Wednesday: John 11:17
v17 (continued): The body would have been washed and then covered with myrrh (a fragrant sap from a tree that grows in Arabia and Africa) and aloes (the crushed leaves and juice from a desert succulent that has healing qualities for the skin) (Jn 19:39). Other spices such as myrtle and hyssop may have been added, and then the body was wrapped with long bandage-like strips of cloth, with spices being added into the folds of the cloth. A special cloth was tied over the face (Alfred Edersheim, Life and Times of Jesus the Messiah, E.R. Herrick and Co., New York, CA 1890, Vol.2, p.318; Leon Morris, The Gospel According to John, Eerdmans, second printing, 1973, p.826). John mentions that Lazarus was buried in a âtombâ (lit: a memorial), and later we discover this tomb was a cave (v38). This indicates that the family was wealthy and could afford to purchase the land where the cave was located and have shelves and niches carved into its walls. The poor buried their dead in the ground, about six feet deep (Miriam Feinberg Vamosh, Daily Life at the Time of Jesus, Palphot Ltd., Herzlia, Israel, p.73).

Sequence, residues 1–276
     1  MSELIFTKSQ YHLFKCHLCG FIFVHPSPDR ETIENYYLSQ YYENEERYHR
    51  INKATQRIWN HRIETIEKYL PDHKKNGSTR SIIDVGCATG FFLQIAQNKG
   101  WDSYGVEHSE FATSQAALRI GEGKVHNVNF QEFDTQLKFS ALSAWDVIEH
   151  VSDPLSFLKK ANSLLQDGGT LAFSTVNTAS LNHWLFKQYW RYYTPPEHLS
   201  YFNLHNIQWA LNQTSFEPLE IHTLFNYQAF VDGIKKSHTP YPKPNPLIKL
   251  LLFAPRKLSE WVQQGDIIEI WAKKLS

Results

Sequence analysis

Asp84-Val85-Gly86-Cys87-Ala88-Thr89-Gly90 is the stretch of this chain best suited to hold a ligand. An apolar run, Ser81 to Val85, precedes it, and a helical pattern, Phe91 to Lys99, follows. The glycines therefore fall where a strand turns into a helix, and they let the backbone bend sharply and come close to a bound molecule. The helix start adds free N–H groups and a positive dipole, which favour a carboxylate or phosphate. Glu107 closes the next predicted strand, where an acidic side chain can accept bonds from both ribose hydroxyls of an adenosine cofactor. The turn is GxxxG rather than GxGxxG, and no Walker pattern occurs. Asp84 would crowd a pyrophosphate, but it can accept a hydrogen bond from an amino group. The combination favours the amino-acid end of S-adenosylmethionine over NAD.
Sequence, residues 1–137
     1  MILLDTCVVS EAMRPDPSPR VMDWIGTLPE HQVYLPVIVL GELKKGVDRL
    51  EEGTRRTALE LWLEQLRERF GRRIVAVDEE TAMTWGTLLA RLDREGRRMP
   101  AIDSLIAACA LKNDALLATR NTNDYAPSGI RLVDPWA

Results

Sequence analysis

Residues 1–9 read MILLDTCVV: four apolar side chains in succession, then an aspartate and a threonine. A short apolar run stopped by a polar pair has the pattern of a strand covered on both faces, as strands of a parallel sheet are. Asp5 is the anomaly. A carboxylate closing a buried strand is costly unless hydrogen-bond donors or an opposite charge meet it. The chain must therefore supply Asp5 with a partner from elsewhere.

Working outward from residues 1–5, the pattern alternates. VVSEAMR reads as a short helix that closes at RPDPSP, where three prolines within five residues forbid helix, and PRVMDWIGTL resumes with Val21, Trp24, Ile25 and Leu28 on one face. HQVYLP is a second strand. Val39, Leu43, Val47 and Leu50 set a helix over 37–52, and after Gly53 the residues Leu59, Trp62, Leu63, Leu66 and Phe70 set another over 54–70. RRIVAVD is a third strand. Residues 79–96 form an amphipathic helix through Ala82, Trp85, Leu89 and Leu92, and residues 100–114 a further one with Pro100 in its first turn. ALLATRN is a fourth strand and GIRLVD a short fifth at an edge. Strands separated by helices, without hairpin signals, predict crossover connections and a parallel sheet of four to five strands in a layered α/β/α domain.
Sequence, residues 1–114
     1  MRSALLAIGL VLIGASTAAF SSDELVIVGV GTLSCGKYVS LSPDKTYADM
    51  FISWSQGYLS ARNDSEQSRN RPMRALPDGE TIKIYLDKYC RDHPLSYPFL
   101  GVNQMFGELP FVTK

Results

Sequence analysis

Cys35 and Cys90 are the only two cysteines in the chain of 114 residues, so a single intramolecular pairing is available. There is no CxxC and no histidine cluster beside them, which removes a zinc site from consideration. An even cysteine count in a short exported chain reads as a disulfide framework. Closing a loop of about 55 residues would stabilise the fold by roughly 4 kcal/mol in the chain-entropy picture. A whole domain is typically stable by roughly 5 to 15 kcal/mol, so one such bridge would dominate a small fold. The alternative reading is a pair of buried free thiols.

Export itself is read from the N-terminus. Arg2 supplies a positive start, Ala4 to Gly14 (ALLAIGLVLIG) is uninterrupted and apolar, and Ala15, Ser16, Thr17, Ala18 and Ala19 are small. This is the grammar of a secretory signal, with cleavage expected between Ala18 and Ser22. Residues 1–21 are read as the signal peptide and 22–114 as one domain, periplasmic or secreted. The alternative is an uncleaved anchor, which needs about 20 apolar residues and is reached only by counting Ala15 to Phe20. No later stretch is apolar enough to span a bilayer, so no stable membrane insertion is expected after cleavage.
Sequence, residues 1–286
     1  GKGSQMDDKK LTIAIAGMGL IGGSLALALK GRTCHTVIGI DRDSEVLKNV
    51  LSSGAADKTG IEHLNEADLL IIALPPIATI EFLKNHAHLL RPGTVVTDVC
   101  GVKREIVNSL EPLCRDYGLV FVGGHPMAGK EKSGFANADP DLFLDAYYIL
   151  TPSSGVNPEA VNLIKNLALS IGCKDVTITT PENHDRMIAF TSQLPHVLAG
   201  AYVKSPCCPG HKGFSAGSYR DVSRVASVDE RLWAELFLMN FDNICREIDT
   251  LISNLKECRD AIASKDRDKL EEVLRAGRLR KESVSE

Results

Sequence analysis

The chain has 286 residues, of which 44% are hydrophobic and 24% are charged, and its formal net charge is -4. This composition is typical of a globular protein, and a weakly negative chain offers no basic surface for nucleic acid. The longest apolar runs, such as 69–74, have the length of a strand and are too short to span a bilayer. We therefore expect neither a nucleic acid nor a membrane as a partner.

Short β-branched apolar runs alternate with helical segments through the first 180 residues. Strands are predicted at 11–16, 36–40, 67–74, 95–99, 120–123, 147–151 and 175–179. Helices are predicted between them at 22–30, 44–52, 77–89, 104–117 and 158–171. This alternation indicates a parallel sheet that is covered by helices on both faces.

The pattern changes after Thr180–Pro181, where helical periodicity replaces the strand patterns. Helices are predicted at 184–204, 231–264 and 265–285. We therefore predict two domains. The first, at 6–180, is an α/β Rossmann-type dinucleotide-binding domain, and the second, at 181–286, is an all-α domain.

Thursday: John 11:18-19
vs18-19: Bethany was a small un-walled village situated on the eastern side of the Mount of Olives, about two miles from Jerusalem. The road connecting Jerusalem to the region around the Jordan River passed through it. By the time Jesus arrived, the grieving ceremonies for Lazarus were well under way. The first three days after a person died were the most intense (weeping); then the remainder of that first week was less intense. Those who were mourning didnât wash, put on shoes, study or engage in business, but some form of mourning continued for an entire month (Alfred Edersheim, Life and Times of Jesus the Messiah, E.R. Herrick and Co., CA 1890, Vol.2, p.320; Sketches of Jewish Social Life, Hendrickson, 1995, p.160). That this family was highly respected can be seen by the fact that many religious leaders came out from Jerusalem to speak words of comfort to Martha and Mary concerning their brother. Their presence at the funeral was an honor, but it also made the sisterâs house a very dangerous place for Jesus. Some of those who came to mourn may have been members of the group who tried to seize Him in the temple (Jn 10:39).
Friday: John 11:20-22